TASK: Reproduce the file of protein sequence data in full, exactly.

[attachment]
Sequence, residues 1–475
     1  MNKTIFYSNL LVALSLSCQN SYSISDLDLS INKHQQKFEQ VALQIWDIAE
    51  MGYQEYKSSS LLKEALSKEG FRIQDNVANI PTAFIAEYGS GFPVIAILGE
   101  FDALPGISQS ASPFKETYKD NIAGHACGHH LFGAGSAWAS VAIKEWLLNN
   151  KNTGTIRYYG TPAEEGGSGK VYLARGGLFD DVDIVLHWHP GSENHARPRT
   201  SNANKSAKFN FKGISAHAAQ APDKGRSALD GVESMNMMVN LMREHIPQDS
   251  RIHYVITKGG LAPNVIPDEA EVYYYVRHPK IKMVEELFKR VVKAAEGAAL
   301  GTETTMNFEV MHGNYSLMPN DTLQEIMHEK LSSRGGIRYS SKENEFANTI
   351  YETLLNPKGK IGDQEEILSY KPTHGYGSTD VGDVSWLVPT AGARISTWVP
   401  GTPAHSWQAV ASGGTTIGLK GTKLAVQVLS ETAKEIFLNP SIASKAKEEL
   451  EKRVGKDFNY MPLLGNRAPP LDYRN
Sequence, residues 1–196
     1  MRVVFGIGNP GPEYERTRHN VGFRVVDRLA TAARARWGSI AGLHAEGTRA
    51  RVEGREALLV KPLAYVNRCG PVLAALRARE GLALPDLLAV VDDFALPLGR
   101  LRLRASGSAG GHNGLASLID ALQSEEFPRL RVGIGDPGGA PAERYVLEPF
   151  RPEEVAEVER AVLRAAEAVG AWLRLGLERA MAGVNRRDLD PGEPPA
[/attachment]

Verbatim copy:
Sequence, residues 1–475
     1  MNKTIFYSNL LVALSLSCQN SYSISDLDLS INKHQQKFEQ VALQIWDIAE
    51  MGYQEYKSSS LLKEALSKEG FRIQDNVANI PTAFIAEYGS GFPVIAILGE
   101  FDALPGISQS ASPFKETYKD NIAGHACGHH LFGAGSAWAS VAIKEWLLNN
   151  KNTGTIRYYG TPAEEGGSGK VYLARGGLFD DVDIVLHWHP GSENHARPRT
   201  SNANKSAKFN FKGISAHAAQ APDKGRSALD GVESMNMMVN LMREHIPQDS
   251  RIHYVITKGG LAPNVIPDEA EVYYYVRHPK IKMVEELFKR VVKAAEGAAL
   301  GTETTMNFEV MHGNYSLMPN DTLQEIMHEK LSSRGGIRYS SKENEFANTI
   351  YETLLNPKGK IGDQEEILSY KPTHGYGSTD VGDVSWLVPT AGARISTWVP
   401  GTPAHSWQAV ASGGTTIGLK GTKLAVQVLS ETAKEIFLNP SIASKAKEEL
   451  EKRVGKDFNY MPLLGNRAPP LDYRN
Sequence, residues 1–196
     1  MRVVFGIGNP GPEYERTRHN VGFRVVDRLA TAARARWGSI AGLHAEGTRA
    51  RVEGREALLV KPLAYVNRCG PVLAALRARE GLALPDLLAV VDDFALPLGR
   101  LRLRASGSAG GHNGLASLID ALQSEEFPRL RVGIGDPGGA PAERYVLEPF
   151  RPEEVAEVER AVLRAAEAVG AWLRLGLERA MAGVNRRDLD PGEPPA